Advertising and Satirical Culture in the Romantic Period

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Advertising, which developed in the late eighteenth century as an increasingly sophisticated and widespread form of brand marketing, would seem a separate world from that of the 'literature' of its time. Yet satirists and parodists were influenced by and responded to advertising, while copywriters borrowed from the wider literary culture, especially through poetical advertisements and comic imitation. This 2007 study to pays sustained attention to the cultural resonance and literary influences of advertising in the late eighteenth and early nineteenth centuries. John Strachan addresses the many ways in which literary figures including George Crabbe, Lord Byron and Charles Dickens responded to the commercial culture around them. With its many fascinating examples of contemporary advertisements read against literary texts, this study combines an intriguing approach to the literary culture of the day with an examination of the cultural impact of its commercial language.

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Editorial Reviews

From the Publisher
"...[an] original, lucid, richly illustrated account...Highly recommended."
-J.T. Lynch, Rutgers University, Choice

" extremely valuable contribution to our understanding of the late Georgian era-out of which something called the Romantic period continues to be constructed." —Steven Jones, Loyola University Chicago: The Wordsworth Circle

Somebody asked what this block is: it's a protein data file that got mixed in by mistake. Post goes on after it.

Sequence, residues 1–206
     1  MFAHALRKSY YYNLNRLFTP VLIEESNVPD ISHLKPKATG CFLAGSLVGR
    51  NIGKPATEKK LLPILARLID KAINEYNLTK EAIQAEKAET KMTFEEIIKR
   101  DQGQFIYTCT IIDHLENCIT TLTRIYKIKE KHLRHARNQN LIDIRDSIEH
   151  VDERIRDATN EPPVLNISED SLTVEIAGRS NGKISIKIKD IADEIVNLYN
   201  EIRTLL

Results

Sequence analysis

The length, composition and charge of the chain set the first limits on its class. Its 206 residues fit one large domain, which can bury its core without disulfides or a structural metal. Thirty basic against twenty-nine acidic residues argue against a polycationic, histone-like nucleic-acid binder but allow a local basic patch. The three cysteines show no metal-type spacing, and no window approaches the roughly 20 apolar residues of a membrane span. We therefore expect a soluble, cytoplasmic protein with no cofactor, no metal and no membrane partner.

"Strachan's book makes an important contribution to the growing scholarship on what we might call popular Romanticism...Its great success resides in providing us a lexicon not just for talking about Romantic period advertising, but for reading it as an art in its own right and as a prevalent form of engagement with its socio-cultural context." W. Michael Johnstone, University of Toronto

"Drawing on a wealth of new research, Strachan shows brilliantly how advertising and art (especially satirical art) were in dialogue with each other in this period, in ways that we are still only beginning to appreciate."
-Tom Mole,McGill University

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Product Details

  • ISBN-13: 9780521882149
  • Publisher: Cambridge University Press
  • Publication date: 12/31/2007
  • Series: Cambridge Studies in Romanticism Series, #74
  • Pages: 368
  • Product dimensions: 5.98 (w) x 8.98 (h) x 0.91 (d)

Meet the Author

John Strachan is Professor of Romantic Literature at the University of Sunderland.

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Table of Contents

Introduction; 1. A 'department of literature': advertising in the Romantic period; 2. 'Humbug and co.': satirical engagements with advertising 1770–1840; 3. 'We keeps a poet': shoe blacking and the commercial aesthetic; 4. 'Publicity to a lottery is certainly necessary': Thomas Bish and the culture of gambling; 5. 'Barber or perfumer': incomparable oils and crinicultural satire; 6. 'The poetry of hair-cutting': J. R. D. Huggins, the emperor of barbers; Conclusion: 'thoughts on puffs, patrons and other matters': commodifying the book; Bibliography.

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